The fun of Trigger, the element that made us laugh every time we played, is in the revelation that our left hands and right hands are stupid. I mean bag of hammers, running-with-scissors, couple-shoes-short-of-a-pair stoopid. This is, after all, a game that presents true or false statements like: “You are related to at least one person at this table” and “You are married.”
In order to answer these outrageously obtuse questions, players race to be the first to slap a foam target (think of a round drink coaster) with their left or right hand. Left hand for False and right hand for True. Right is right. Left is false. How hard can it be?
Trouble is, when everyone is watching everyone else, it is really easy to mimic what someone else is about to do. The statement above about being related to a person at the table is a good example. I was looking at my daughter across the table and to my credit, I put out my right hand for True; however, before I could whack the target, I switched hands because one of the people next to me was putting out their left hand. So when we sorted the answers, I was stuck with this embarrassing FALSE answer to a question that is so obvious that it would be used to determine if I had suffered a concussion.
Trigger is Major Fun in a tiny round can. It comes with 60 cards, a foam target, and a concise set of rules. Each card is one of six colors on the front (orange, blue, red, violet, black, and green) and has six color coded questions on the back. Players receive 5 cards and one player starts as the referee. The referee asks a question. The other players race to slap the target with the correct hand. Once you slap your hand down, you cannot move it. This results in a pile of hands covering the target which the referee must sort out. The player with the first correct answer (the correct hand at the bottom) wins and receives the card. That player becomes the referee and reads a question that matches the color of the card they just won. The player with the first wrong answer (the lowest wrong hand) loses a card.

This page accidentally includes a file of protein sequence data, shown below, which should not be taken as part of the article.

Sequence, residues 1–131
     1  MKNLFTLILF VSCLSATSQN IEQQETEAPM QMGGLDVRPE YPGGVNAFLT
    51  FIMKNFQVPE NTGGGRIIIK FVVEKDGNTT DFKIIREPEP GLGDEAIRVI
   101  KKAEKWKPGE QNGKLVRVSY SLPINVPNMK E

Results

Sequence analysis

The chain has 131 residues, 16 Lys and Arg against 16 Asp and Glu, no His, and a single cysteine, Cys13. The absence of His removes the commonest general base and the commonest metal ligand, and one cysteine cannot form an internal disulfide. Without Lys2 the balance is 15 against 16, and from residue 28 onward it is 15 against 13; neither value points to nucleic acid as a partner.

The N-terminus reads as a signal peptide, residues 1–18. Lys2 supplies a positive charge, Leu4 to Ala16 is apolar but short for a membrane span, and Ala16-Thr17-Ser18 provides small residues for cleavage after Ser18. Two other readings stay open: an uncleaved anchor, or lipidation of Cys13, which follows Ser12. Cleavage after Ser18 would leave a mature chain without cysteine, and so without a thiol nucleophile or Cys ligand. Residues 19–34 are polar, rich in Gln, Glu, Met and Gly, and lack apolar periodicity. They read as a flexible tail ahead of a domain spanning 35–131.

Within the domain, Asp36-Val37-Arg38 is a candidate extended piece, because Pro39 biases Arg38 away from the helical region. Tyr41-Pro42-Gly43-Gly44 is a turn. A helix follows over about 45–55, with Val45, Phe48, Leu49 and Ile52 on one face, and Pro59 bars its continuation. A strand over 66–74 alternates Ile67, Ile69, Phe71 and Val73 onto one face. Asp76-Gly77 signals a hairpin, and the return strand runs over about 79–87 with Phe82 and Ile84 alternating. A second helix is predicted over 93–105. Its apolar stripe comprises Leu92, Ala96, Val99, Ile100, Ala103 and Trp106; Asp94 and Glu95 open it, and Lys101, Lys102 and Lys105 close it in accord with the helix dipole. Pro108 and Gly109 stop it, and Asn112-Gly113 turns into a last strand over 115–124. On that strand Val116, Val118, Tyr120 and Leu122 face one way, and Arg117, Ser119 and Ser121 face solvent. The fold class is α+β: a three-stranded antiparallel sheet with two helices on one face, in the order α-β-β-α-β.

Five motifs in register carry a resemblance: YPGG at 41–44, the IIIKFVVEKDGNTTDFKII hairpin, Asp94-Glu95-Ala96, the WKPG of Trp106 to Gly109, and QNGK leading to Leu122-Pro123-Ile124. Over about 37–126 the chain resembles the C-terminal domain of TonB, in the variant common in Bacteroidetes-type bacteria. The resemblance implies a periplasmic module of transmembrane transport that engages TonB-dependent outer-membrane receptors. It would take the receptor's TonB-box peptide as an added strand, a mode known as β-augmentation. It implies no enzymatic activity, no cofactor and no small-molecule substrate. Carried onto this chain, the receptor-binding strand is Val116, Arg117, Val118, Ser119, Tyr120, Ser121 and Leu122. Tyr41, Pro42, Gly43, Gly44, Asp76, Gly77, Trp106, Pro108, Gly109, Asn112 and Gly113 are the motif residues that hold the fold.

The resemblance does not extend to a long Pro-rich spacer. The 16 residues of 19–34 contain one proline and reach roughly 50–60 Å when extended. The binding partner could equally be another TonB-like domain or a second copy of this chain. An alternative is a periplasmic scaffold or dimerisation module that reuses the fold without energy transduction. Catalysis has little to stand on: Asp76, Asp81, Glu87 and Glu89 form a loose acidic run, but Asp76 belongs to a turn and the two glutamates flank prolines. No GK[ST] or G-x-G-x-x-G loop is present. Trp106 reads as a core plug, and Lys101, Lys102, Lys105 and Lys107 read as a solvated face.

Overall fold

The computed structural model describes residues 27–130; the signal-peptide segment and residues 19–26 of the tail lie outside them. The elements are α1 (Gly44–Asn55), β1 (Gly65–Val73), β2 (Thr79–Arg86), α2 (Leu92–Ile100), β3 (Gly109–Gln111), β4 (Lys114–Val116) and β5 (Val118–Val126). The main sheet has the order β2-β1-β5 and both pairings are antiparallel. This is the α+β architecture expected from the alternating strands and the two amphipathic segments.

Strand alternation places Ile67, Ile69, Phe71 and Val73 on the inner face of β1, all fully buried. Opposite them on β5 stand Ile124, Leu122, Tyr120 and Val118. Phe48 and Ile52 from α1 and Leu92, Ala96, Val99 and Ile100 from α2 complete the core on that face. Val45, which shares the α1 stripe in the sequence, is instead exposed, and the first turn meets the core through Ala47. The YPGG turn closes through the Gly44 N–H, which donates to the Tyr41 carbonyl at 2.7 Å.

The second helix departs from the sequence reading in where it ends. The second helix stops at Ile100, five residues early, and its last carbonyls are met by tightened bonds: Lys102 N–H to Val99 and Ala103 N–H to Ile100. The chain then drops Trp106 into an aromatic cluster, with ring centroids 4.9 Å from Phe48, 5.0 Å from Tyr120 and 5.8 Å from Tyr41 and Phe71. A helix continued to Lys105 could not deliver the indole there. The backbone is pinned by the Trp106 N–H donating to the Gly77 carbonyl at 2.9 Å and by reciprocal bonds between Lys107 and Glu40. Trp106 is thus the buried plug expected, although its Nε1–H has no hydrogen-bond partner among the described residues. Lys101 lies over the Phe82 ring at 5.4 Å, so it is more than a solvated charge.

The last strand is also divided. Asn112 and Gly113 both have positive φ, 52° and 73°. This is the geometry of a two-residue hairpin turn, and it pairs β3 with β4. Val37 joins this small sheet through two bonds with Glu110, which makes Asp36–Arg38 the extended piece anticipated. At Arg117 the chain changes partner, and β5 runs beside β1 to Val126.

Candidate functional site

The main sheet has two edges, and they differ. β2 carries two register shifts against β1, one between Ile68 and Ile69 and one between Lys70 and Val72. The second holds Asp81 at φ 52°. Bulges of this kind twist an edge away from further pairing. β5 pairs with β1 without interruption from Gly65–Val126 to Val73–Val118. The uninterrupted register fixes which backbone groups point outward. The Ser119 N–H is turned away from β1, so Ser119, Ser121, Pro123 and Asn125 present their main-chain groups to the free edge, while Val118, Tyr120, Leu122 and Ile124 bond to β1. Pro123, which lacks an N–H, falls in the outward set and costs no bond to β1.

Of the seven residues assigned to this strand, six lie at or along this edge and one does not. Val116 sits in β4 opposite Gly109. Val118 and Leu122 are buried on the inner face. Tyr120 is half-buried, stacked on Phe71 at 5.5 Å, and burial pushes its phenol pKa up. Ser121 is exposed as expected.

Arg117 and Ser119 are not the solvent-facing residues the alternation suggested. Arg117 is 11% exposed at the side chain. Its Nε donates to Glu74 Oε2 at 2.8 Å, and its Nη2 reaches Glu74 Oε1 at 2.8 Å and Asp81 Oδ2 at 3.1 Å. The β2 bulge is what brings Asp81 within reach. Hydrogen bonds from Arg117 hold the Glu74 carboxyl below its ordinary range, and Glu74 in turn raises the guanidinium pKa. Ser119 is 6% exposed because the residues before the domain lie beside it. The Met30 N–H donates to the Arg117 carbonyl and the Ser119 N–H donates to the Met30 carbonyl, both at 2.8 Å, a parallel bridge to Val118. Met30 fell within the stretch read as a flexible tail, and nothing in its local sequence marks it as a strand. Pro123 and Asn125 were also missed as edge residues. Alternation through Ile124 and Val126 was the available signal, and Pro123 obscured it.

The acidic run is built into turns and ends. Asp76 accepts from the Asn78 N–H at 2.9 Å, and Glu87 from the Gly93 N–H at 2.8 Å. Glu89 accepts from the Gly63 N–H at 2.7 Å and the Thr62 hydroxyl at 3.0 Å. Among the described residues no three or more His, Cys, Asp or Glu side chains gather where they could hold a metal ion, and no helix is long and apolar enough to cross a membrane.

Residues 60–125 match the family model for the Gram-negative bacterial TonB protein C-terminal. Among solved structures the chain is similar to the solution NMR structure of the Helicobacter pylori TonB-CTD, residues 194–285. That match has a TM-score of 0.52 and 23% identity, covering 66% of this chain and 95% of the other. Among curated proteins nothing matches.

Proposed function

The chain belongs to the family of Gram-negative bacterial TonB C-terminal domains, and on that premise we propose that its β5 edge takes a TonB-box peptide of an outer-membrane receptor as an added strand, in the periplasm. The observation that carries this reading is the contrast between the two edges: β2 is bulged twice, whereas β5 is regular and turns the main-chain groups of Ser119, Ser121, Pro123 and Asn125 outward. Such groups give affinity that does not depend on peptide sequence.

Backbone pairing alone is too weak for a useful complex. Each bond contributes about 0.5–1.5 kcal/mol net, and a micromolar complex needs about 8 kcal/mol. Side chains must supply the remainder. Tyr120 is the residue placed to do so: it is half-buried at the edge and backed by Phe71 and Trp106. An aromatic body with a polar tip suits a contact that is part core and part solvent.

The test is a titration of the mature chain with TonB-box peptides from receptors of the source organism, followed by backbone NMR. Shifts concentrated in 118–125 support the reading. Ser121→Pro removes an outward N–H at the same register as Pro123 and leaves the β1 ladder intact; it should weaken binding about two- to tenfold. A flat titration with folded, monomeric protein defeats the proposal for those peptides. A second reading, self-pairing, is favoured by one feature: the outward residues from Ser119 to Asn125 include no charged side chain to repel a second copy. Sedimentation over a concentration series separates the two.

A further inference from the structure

The game ends when one contestant runs out of cards.
You could determine the winner by who has the most cards. You could determine the winner by who made the fewest embarrassing blunders. Or you could just embrace the absurdities of human psychology that drive us to make responses we know are wrong just because we are under pressure and looking at other people. We could have kept score but we were having too much fun.
Trigger was created by Julien Sentis. It is © 2011 by Blue Orange.